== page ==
Sanofi to pay $260 million to end Zynquista partnership with Lexicon 

Shares in Lexicon Pharmaceuticals climbed as much as nearly 38% on Tuesday after it announced that Sanofi will pay the company $260 million, including $208 million upfront and the rest within 12 months, to terminate its partnership for the development and commercialisation of the add-on diabetes treatment Zynquista (sotagliflozin). Lexicon added that it also settled its "related disputes" with the French drugmaker. 

In July, Sanofi announced plans to end the partnership with Lexicon for Zynquista, a once-daily dual SGLT1 and SGLT2 inhibitor, in all ongoing type 1 and type 2 diabetes programmes in response to results from the SOTA-CKD3 and SOTA-CKD4 trials. At that time, Lexicon, which initially granted Sanofi a global licence to Zynquista in 2015 in a deal worth as much as $1.7 billion, suggested the French drugmaker was in breach of contract.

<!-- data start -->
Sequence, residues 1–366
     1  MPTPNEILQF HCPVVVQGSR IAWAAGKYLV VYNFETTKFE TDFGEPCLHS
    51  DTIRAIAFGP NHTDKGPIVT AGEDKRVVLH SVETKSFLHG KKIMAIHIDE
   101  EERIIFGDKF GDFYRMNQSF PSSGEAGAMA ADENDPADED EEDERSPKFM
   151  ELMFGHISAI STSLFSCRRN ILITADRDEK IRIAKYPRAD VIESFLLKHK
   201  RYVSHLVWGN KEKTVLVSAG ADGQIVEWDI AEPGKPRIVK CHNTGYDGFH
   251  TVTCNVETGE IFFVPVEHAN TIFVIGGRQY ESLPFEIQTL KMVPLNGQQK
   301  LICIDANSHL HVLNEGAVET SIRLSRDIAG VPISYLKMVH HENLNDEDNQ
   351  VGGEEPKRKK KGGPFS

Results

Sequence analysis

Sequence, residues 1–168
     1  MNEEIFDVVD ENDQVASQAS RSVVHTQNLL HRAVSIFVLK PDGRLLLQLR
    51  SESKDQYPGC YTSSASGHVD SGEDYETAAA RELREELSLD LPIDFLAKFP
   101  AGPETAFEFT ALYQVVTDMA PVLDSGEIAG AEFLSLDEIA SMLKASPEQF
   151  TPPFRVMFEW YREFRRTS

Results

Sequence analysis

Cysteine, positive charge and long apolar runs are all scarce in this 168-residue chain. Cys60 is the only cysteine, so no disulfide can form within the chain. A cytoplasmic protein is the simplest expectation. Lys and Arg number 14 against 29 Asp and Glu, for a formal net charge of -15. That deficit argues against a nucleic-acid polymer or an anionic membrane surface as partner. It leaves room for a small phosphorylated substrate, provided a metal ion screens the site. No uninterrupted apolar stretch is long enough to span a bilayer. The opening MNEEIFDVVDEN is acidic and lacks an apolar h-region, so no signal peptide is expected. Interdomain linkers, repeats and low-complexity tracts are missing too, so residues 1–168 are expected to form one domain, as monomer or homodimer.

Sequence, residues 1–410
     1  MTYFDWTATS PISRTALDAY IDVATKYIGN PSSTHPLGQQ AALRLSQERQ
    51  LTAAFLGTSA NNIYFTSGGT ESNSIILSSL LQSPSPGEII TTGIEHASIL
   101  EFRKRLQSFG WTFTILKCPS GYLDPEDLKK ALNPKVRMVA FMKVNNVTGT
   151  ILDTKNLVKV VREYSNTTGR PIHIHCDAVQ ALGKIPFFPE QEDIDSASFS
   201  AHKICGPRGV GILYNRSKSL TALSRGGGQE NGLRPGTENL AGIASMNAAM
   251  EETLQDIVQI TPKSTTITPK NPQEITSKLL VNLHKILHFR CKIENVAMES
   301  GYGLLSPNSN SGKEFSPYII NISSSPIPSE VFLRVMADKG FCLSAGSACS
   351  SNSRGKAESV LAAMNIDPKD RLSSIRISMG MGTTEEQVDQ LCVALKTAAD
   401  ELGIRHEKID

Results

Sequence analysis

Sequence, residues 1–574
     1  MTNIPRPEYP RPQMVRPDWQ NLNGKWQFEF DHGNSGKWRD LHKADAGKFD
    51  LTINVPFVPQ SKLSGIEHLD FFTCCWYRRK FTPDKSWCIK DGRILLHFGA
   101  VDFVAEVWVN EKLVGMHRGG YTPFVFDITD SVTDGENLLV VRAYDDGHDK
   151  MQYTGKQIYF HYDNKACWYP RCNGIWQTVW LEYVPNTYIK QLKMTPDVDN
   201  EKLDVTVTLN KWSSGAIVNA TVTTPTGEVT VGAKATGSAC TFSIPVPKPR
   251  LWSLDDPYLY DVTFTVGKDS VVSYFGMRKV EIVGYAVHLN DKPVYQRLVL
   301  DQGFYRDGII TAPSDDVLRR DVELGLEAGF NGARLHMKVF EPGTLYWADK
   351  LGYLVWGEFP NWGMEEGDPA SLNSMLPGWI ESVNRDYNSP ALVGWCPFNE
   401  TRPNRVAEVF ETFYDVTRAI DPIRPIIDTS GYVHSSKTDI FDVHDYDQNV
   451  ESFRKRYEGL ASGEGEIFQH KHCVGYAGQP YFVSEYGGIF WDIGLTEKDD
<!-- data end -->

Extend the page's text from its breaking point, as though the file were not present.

Under the termination agreement, Lexicon said it will regain complete rights to Zynquista and assume sole responsibility for its global development and commercialisation in both type 1 and type 2 diabetes. Sanofi will also work with Lexicon regarding the transition of responsibility for ongoing clinical trials and other activities. 

Lexicon CEO Lonnel Coats, who described the four-year alliance with Sanofi as "productive," said regaining worldwide rights will help his company "realise the full value" of Zynquista as it prepares for regulatory filings in the US and in Europe in type 2 diabetes. He indicated that data will become available over the next few months from the remainder of the core Phase III studies and over the longer term from two outcomes trials, "with potential for demonstrating cardiovascular and renal benefits." 

Zynquista was authorised in the EU in April as an adjunct to insulin therapy in certain adults with type 1 diabetes. However, the FDA rejected the therapy earlier this year after agency staff had expressed concerns that Zynquista "clearly increases" the risk of diabetic ketoacidosis in patients with type 1 diabetes, "and the risk may be unpredictable."  

To read more Top Story articles, click here.